Date of Award

5-1-2013

Degree Type

Thesis

University or Center

Clark Atlanta University(CAU)

School

School of Arts and Sciences

Degree Name

M.A.

Sociology and Criminal Justice

First Advisor

Dr. Sandra E. Taylor

Second Advisor

Dr. Daniel A. Offiong

Third Advisor

Dr. Tara L. Jones

Abstract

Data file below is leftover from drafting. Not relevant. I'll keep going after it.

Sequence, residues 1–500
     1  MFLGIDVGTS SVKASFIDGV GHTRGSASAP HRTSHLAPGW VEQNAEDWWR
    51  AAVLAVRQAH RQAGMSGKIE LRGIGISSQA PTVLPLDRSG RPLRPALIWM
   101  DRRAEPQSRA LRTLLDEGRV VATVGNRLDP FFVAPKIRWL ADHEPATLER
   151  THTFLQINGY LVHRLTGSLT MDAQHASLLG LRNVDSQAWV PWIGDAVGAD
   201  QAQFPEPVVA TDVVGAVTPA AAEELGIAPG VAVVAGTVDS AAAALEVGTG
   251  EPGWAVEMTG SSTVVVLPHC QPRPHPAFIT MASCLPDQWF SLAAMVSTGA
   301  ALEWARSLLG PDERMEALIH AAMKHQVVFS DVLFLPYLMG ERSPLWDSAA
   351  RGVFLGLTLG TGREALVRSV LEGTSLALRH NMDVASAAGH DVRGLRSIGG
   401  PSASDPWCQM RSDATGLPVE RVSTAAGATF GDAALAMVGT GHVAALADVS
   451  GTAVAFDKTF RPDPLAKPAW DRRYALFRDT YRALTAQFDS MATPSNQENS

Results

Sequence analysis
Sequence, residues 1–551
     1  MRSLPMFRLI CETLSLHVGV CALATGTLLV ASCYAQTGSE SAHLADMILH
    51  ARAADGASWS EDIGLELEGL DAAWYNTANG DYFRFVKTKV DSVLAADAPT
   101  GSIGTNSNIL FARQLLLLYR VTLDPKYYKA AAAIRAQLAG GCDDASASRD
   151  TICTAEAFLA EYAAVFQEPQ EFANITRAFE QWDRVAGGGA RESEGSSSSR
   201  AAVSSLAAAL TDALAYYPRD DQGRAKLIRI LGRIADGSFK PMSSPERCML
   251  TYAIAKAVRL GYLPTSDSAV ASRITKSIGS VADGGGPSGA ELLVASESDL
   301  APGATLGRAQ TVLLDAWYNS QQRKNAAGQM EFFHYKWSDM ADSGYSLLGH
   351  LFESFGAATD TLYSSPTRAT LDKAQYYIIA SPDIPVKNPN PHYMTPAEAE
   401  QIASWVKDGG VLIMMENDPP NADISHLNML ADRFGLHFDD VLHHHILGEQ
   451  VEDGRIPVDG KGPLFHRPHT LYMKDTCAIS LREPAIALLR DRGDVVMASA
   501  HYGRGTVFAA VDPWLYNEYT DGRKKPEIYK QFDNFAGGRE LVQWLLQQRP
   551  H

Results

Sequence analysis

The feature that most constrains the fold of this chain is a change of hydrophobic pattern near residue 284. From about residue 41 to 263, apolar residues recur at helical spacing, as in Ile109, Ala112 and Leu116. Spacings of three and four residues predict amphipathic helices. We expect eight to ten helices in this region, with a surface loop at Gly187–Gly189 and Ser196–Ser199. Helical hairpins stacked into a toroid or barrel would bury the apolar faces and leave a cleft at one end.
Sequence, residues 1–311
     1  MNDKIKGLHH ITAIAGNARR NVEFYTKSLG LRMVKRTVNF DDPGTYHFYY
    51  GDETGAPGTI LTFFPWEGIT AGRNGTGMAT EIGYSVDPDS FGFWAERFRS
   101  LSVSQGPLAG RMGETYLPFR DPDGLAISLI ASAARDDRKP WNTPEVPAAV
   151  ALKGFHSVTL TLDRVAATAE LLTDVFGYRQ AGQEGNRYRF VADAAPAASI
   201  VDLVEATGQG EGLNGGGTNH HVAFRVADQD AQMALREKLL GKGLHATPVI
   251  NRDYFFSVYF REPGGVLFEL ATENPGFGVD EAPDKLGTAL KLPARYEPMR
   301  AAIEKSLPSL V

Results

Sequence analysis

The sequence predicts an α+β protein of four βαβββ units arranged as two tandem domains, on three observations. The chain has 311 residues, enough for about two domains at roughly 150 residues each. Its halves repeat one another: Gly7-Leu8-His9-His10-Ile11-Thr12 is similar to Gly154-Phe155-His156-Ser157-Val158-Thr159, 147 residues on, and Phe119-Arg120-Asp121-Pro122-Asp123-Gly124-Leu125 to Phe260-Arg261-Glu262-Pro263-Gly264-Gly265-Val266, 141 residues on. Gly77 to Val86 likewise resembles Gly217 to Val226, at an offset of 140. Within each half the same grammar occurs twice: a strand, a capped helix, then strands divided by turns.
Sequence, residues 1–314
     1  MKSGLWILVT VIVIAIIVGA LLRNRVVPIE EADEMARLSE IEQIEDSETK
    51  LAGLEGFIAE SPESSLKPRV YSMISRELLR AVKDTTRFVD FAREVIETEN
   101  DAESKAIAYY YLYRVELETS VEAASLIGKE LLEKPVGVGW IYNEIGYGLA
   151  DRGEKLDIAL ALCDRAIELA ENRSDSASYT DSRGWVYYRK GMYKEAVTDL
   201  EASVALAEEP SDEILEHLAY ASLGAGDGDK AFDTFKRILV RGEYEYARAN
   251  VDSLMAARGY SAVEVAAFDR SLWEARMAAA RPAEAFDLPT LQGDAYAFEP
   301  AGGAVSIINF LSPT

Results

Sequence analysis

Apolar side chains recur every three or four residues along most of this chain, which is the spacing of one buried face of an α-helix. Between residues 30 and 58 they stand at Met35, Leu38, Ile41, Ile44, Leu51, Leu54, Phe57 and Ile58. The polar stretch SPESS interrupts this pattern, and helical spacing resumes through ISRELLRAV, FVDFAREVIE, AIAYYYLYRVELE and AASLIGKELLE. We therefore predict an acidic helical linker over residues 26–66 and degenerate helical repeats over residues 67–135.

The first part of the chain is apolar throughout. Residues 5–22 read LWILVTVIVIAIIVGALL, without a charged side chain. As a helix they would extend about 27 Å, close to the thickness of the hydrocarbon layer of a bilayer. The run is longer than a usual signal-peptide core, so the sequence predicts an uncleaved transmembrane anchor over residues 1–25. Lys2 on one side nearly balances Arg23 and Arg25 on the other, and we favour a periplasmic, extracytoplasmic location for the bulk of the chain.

Colorism continues to be a relevant topic of study because of its capacity to stratify within a marginalized community. The color hierarchy that values light complexions over dark specifically affects African-American women as these women are often treated and evaluated based solely on physicality. Empirically, women with light skin experience greater success in relationships, education, and employment. Furthermore, they report high levels of confidence. This quantitative study examines how colorism affects African-American college women's social capital and self-esteem. Utilizing Cooley's concept of the looking glass self as well as Gofiftnan's concept of stigma, a theoretical framework is established showing how society's judgments of dark-skinned African- American women negatively affect their self-perceptions. Results indicate that colorism is still a sensitive and complex phenomenon in the lives of African-American women.

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